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Profiling music man who saw the beauty in 'Bomp'

Imagine a pair of young, little-known musicians walking into the offices of a music publishing firm and trying to pitch a wacky song called "Who Put the Bomp" to the company's owner.

The song posed two very strange questions: "Who put the bomp in the bomp-bah-bomp-bah-bomp? Who put the ram in the rama-lama-ding-dong?"

Back in 1961, a lot of publishers would have laughed the young musicians right out the door, but Don Kirshner didn't.

"That's a hit!" he exclaimed, and he was absolutely right.

"Who Put the Bomp" was a huge success, making the Billboard Top 40 hit list and getting played millions of times on radio stations. Oldies stations play it to this day.

It was one of about 200 songs that Kirshner helped turn into hits in the 1960s, but Kirshner was not a musician. He was a huckster and song publisher who had an uncanny knack of knowing what kind of music teenagers would like.

Like the recently deceased Dick Clark, Kirshner was one of the founding fathers of the business side of rock 'n' roll. He and his partner, the late Al Nevins, started a small music publishing company called Aldon Music in the late 1950s and turned it into a gold mine.

Aldon hired and nurtured a group of eager but untested young songwriters who would compose some of the most popular songs ever put on record. They included Neil Sedaka, Howie Greenfield, Jack Keller, Artie Kaplan, Barry Mann, Cynthia Weil, Carole King and her then-husband, Gerry Goffin.

All were unknowns when Kirshner hired them.

The list of songs they created was amazing. Some were goofy little ditties like "Who Put The Bomp" and "Stupid Cupid," but others were true radio classics, true examples of pop and rock music at its best.

To name a few: "On Broadway," "Under the Boardwalk," "Will You Love Me Tomorrow," "Up On The Roof," "Footsteps," "I Love How You Love Me," "Soul and Inspiration," "Uptown," "You've Lost That Lovin' Feeling," "The Locomotion," "Breaking Up Is Hard To Do," "One Fine Day" and "Groovy Kind of Love."

Kirshner's career went far beyond music publishing. He was an impresario who constantly put songwriters together with singers, and helped many young performers establish their careers.

Neil Diamond, Bobby Rydell, Connie Francis, Sedaka, King, Tony Orlando, the Archies, the Monkees and Bobby Darin, probably Kirshner's closest friend, were a few of the protegees he helped make famous.

Kirshner missed sometimes, too. He snubbed a young Paul Simon, and failed to lock down a deal to become the publisher of all the Beach Boys' songs. He also missed out on a chance to become the American publisher of the Beatles' songs.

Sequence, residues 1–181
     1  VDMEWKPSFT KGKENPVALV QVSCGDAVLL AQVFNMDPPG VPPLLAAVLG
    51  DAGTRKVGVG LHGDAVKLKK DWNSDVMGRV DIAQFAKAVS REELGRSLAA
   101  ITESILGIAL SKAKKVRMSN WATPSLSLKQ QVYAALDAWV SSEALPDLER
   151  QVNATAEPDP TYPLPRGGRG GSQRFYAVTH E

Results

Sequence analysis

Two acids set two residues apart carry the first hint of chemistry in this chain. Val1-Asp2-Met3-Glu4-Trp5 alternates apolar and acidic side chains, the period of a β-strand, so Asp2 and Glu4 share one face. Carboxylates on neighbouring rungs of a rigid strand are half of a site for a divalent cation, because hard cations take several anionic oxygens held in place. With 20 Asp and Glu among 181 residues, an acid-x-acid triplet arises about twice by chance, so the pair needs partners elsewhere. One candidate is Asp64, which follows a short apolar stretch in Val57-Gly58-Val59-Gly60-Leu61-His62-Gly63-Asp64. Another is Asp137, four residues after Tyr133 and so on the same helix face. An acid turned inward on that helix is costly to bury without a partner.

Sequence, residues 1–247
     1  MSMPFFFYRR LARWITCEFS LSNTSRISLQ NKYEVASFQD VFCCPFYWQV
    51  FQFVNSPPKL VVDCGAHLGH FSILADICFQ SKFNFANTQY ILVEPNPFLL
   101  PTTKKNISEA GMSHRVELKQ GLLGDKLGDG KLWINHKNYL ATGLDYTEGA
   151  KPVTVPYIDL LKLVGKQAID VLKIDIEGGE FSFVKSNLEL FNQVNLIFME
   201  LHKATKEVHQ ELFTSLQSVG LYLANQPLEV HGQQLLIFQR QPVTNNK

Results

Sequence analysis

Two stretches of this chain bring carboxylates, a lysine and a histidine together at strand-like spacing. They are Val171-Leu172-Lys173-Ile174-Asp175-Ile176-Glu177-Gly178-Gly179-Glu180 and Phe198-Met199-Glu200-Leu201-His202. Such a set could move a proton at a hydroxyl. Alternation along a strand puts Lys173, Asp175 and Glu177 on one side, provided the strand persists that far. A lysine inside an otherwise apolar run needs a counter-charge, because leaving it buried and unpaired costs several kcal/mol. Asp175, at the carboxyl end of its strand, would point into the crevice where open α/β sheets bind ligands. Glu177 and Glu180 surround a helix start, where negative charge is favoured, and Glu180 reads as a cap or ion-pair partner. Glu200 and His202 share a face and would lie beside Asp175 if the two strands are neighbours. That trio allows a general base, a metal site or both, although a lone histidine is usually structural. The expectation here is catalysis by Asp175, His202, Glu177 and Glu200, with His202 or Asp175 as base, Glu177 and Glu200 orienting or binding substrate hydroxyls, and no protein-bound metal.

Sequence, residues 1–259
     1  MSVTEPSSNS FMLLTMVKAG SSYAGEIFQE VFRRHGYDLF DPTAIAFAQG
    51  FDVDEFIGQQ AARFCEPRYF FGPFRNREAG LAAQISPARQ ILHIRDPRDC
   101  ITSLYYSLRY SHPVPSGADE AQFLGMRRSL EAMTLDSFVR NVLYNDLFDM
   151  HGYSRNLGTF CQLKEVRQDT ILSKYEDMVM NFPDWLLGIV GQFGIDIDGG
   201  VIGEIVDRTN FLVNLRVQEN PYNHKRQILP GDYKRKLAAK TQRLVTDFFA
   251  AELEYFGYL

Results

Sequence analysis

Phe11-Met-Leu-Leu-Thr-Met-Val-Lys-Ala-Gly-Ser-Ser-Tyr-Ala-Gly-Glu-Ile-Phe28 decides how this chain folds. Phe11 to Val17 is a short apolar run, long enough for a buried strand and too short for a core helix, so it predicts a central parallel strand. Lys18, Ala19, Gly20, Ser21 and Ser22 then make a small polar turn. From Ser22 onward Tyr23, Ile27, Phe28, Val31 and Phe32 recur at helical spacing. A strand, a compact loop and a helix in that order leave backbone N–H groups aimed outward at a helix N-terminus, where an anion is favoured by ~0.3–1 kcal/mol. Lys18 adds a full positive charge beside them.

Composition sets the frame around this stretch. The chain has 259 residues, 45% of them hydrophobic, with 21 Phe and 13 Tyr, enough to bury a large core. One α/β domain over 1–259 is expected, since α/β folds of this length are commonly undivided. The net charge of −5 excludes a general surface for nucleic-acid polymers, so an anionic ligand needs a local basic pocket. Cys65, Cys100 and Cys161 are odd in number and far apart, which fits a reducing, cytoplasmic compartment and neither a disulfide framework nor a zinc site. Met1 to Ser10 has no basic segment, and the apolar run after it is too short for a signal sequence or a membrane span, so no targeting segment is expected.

This book is a fun, quick read, especially enjoyable if you grew up in the 1950s and 1960s, in the days when youth culture totally took over the world of popular music.

Author Podolsky goes overboard at times with his praise of Kirshner, but he gives readers an enjoyable, nostalgic glimpse of what it was like to be in the middle of things when rock 'n' roll really took off.

Kirshner was born in 1934, the son of a Jewish tailor in the Washington Heights section of New York City. He played college basketball and loved the music of black performers such as Chuck Berry and Fats Domino.

After striking up a friendship with a then-unknown Darin, Kirshner started out by helping Darin get his career off the ground. He then decided that he too wanted to make music his life.

His big break came when he met the cagey Nevins, who had been a successful songwriter and was getting into publishing. Kirshner convinced Nevins that teen music was the next big thing.

After publishing hundreds of hits, they sold their company, Aldon, in 1963 for $3 million, more than Kirshner ever imagined he'd see in his life, and Kirshner signed on as an executive with Columbia Screen Gems Music.

Later, Kirshner would realize that selling Aldon was a huge mistake. He didn't anticipate that oldies stations would proliferate all over America in the '70s, '80s, '90s and beyond. Aldon's songs would generate hundreds of millions of dollars in royalties.

In the '70s, Kirshner had another big success as creator of the popular Don Kirshner's Rock Concert TV show. The late-night rock concert series was a big hit, even though Kirshner was laughably dull as the host.

Kirshner died last year at 76. Many people consider him an innovator, and they got him inducted, just recently, into the Rock and Roll Hall of Fame. Others might argue that that he was just a businessman, not a music legend.

So exactly who was it that put the bomp in the bomp-bah-bomp-bah-bomp?

Well, Barry Mann and Gerry Goffin wrote the song, and Mann sang it. But Don Kirshner certainly helped.

Dan Herbeck is the co-author of "American Terrorist" and a frequent News reviewer of pop and country music.


Don Kirshner: The Man with the Golden Ear

By Rich Podolsky

Hal Leonard Books

304 pages, $24.99